Sunday, February 10, 2019

Sunday Writing Tip: Get Rid of Your Crutch Words

By Janice Hardy, @Janice_Hardy

Each week, I’ll offer a tip you can take and apply to your WIP to help improve it. They’ll be easy to do and shouldn’t take long, so they’ll be tips you can do without taking up your Sunday. Though I do reserve the right to offer a good tip now and then that will take longer—but only because it would apply to the entire manuscript.

This week, cut or revise your crutch words—those pesky and weak words you tend to overuse.

Crutch words are words or phrases we tend to overuse—our go-to words we can slap down and not think too hard about. You might notice you use a certain dialogue tag, or mannerism a lot, or you always describe something a certain way.

Every writer has their own set of words they use over and over, and it can vary from book to book. For example, mine are just, only, and so, and I’ve had eyes widen and fell into step beside me appear way too much in various books.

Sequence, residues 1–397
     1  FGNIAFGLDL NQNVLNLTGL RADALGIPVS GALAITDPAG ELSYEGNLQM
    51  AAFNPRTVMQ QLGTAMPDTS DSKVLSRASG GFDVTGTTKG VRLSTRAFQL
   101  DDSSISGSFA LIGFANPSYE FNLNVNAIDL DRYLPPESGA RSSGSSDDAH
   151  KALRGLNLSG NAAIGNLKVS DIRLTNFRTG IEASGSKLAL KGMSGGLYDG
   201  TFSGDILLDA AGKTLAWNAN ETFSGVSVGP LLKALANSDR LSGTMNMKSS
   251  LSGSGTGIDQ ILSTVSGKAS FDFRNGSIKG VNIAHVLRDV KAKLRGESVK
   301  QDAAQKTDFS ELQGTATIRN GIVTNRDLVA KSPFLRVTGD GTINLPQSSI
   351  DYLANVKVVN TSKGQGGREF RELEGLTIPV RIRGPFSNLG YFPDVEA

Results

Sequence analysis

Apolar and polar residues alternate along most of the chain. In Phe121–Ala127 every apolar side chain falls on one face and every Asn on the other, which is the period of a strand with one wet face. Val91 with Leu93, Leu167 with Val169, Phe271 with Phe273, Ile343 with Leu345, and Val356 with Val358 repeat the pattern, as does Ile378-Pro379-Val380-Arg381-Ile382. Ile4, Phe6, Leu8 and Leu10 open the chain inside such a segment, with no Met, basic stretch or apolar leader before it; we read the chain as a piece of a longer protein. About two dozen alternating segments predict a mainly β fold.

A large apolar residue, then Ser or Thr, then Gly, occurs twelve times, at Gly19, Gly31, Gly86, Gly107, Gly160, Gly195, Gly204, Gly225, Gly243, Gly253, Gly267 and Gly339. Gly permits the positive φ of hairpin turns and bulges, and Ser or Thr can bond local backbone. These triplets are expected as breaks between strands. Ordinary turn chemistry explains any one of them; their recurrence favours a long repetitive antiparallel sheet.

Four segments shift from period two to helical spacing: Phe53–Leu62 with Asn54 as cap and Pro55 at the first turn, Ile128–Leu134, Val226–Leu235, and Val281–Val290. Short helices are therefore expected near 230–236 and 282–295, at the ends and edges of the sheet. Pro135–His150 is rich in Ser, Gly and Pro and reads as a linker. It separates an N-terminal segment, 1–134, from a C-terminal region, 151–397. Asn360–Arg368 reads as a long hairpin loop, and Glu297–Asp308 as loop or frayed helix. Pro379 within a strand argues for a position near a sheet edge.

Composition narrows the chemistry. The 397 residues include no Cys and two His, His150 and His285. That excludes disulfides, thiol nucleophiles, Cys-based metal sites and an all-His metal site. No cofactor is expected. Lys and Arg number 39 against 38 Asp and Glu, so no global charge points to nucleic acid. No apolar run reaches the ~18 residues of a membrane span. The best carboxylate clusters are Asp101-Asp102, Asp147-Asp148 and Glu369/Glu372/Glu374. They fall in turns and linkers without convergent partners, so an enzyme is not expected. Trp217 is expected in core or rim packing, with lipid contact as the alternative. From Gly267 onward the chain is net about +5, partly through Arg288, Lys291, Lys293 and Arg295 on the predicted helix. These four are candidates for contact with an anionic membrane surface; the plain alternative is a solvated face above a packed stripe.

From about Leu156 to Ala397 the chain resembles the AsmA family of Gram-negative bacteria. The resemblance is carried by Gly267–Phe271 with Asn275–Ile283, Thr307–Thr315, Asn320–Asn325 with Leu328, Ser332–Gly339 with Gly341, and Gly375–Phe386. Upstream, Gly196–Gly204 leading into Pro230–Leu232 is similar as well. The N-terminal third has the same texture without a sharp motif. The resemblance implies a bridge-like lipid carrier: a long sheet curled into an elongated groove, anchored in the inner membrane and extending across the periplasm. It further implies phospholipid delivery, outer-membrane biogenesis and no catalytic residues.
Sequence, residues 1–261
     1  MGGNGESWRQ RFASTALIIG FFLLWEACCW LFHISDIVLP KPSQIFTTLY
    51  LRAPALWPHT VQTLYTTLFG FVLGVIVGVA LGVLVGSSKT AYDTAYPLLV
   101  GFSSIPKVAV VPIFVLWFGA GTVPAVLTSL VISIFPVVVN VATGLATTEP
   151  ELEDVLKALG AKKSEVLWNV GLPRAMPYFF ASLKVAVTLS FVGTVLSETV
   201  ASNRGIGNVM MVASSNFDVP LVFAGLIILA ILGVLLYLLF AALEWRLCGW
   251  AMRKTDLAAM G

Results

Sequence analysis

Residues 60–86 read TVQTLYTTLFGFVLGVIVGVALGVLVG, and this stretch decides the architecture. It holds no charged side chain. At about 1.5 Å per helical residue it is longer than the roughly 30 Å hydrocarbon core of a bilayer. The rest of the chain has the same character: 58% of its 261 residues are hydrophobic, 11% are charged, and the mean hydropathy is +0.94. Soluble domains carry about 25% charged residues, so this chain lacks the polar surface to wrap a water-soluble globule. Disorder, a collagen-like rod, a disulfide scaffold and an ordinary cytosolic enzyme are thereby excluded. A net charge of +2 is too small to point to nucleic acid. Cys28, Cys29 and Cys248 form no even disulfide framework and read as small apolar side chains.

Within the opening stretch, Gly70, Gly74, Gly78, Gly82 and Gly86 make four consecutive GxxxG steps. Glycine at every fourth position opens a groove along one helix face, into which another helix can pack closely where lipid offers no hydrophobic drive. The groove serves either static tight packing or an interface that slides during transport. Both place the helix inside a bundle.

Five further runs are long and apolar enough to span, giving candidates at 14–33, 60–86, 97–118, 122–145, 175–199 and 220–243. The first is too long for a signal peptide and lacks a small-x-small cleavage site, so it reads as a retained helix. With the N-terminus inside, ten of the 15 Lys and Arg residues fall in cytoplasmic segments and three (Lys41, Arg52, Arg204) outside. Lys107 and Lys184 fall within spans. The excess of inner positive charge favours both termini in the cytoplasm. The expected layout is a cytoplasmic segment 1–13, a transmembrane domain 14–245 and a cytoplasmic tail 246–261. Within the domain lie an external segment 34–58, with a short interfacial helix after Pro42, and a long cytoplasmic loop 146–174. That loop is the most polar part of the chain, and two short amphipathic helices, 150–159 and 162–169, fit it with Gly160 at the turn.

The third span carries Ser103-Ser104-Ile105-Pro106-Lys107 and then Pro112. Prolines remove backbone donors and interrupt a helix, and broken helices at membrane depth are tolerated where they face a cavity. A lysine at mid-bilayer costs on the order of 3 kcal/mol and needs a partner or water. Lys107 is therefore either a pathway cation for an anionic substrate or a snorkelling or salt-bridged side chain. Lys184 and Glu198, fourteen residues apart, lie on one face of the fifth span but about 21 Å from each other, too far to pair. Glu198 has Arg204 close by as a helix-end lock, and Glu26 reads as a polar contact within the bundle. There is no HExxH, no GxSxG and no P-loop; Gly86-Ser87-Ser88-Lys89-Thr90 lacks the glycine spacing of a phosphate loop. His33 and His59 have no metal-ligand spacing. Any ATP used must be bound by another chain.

Too many repetitious words, phrases, or images can make a novel feel stale or even poorly written if readers notice the same things popping up.

For more on avoiding repetition or overused words in your novel, try these articles:


  1. One of the features of Liquid Story Binder I used a lot was one that listed words in a manuscript by frequency of use. It made it easy to see which words I was over-using. I wish Scrivener had such a feature.

  2. I use to help me spot over used words. I have no idea what the word limit on this is, I've put 25,000 words in before though.